So despite having a winter that is closer to that of the highveld on a good day. Despite the lack of snow. It's beginning to feel a lot like Christmas. Hang on that's a song I believe. Oh well! Never mind. It does feel as if the Christmas season is upon us and so I think it is probably time for me to make two statements:
Political correctness se moer!
And on that note
Merry Christmas everyone out there.
December 3rd 2001
The one pastime that I have absolutely no shame in letting others know about is that of reading. I enjoy the ability to lose myself in the vistas of my imagination. As such I will devour books wherever I go. In addition I have no problem with reading all different types of books.
Which is why I thoroughly enjoyed the whole Harry Potter series. To the extent that once the movie was released it was only a matter of time before I was going to see it. And so it was that on Sunday I was whipped off by my children to stand in a queue within a million other children waiting to make our considered judgment on the movie and it's faithfulness to the original book. Oddly enough they even paid for me for a change and so I really did feel like I was the child being taken to see a favourite movie. As opposed to a friend of mine who had to “borrow” a child to go and see the movie on opening night because she felt uneasy about going alone!
Mind you I did draw the line at dressing up. Mainly because it was pointed out to me that about the only person I could imitate would be Hagrid! As it was there were enough Harry Potters, and the odd Hermione, to keep everyone happy as we froze outside in what rapidly became a very long and noisy queue indeed.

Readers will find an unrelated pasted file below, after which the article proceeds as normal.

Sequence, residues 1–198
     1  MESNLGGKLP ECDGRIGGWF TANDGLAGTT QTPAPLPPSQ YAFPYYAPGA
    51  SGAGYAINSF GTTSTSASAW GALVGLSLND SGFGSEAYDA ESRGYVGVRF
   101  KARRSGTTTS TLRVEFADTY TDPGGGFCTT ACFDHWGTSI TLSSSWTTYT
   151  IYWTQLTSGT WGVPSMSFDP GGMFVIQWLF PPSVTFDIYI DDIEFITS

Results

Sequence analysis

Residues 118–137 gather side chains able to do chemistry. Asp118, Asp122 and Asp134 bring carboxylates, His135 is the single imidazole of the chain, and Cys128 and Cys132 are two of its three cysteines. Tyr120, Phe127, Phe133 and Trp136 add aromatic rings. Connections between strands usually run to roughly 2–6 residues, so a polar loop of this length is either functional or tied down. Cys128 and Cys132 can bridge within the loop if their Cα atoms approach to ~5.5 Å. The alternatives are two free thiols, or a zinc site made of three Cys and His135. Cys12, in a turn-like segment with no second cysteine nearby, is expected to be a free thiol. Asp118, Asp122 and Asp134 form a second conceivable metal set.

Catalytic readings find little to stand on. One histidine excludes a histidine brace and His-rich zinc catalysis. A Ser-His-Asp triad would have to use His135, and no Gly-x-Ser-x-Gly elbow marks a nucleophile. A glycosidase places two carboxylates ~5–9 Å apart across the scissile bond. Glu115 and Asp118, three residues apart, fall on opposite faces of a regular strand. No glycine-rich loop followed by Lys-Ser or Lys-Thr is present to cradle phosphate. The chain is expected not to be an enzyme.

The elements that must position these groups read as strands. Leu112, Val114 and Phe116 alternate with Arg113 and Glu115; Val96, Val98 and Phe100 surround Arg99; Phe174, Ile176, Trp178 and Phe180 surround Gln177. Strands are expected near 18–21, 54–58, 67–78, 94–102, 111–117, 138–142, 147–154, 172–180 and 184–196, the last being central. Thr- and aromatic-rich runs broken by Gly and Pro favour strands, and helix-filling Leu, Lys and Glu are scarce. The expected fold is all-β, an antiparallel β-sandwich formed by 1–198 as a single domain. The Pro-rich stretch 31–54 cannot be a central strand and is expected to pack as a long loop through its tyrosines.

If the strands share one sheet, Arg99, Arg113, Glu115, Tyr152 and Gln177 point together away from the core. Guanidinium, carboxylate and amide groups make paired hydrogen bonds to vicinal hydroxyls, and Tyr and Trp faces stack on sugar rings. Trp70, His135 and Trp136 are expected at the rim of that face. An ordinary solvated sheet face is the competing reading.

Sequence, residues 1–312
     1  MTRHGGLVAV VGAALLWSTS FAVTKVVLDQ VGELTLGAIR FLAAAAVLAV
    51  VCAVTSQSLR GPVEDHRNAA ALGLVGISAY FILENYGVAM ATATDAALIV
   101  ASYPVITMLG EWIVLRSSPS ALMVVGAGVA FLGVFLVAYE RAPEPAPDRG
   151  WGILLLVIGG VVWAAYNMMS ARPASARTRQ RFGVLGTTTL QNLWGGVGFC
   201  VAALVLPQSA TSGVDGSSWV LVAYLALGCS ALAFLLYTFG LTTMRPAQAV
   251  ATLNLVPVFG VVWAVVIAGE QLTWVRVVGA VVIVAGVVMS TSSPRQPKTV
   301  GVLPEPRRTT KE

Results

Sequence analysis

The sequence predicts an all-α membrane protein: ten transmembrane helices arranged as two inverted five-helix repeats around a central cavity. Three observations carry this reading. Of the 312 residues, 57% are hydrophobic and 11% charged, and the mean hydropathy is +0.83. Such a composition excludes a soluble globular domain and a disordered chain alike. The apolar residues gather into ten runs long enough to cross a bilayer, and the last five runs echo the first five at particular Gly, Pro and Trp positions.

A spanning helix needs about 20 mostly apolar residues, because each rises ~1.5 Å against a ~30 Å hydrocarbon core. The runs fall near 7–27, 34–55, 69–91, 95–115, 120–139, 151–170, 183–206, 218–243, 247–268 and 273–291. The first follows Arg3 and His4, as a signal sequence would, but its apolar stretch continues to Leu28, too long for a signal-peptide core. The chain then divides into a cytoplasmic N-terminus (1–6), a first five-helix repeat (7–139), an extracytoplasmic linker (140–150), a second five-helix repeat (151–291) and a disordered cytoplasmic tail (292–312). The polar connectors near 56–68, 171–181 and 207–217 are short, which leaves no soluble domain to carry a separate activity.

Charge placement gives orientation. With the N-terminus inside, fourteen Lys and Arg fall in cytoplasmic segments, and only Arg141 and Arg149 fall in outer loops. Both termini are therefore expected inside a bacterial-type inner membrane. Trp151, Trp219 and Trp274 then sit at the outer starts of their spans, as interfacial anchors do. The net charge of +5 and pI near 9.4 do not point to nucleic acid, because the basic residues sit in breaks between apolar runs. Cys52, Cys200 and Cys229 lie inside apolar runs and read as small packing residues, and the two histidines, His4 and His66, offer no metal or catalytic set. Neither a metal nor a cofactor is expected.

As an aside here I noticed that once again when the queue was really long that a bunch of immigrants found it necessary to jump the queue, which annoyed me. And yes they were immigrants, judging by the languages spoken. I am beginning to get a tad annoyed at this type of behaviour as it reflects badly on those of us who do attempt to be mannerly in this country.
This was only the second time that I have gone to the movies since landing in Canada and it was an interesting experience. I have gone to the AMC chain before which uses tellers to provide the tickets while the Famous Players chain has these ATM type machines where you go and pay after having pre-booked online. They only had one, rather flustered, youngster handling ticket sales. In addition the line for the tickets snaked its way through the lines of ATMs and so it was a terrible congestion right at the entrance. Thankfully we were early in the queue and so the transaction was less painful than for those behind us.
Once through the ticket area you come across the food court. Now I am not one who feels the need to eat during a movie and so I am still astounded at the array of food that is on offer here in Canada. Even more astonishing is that it is quite acceptable to eat while you are watching. I am not talking about popcorn and sweets as it used to be back in South Africa either.
No! Here you can purchase all sorts of edible delights to take in to the cinema with you. I am tempted to say that the variety on offer is typically Canadian as well, except that it is of course nothing of the sort. From trays of Nacho's to New York Fries with side trips to the ubiquitous Hoddock, fresh hot pretzels, Pizza slices, Taco's and what must be the largest cups of cold drink dispensed anywhere in the world. Well they would be the largest if it weren't for all the ice that takes up roughly eighty percent of the available space in the cup!
Oh, and of course buckets of popcorn as well. Slathered with that sticky, oily substitute for butter. No need to worry about little Johnny choking on a piece of popcorn here. It is so greasy that only a throat with spikes in it would stop it from sliding down. I've often wondered where the recycled engine oil is sent in this country. Now I know!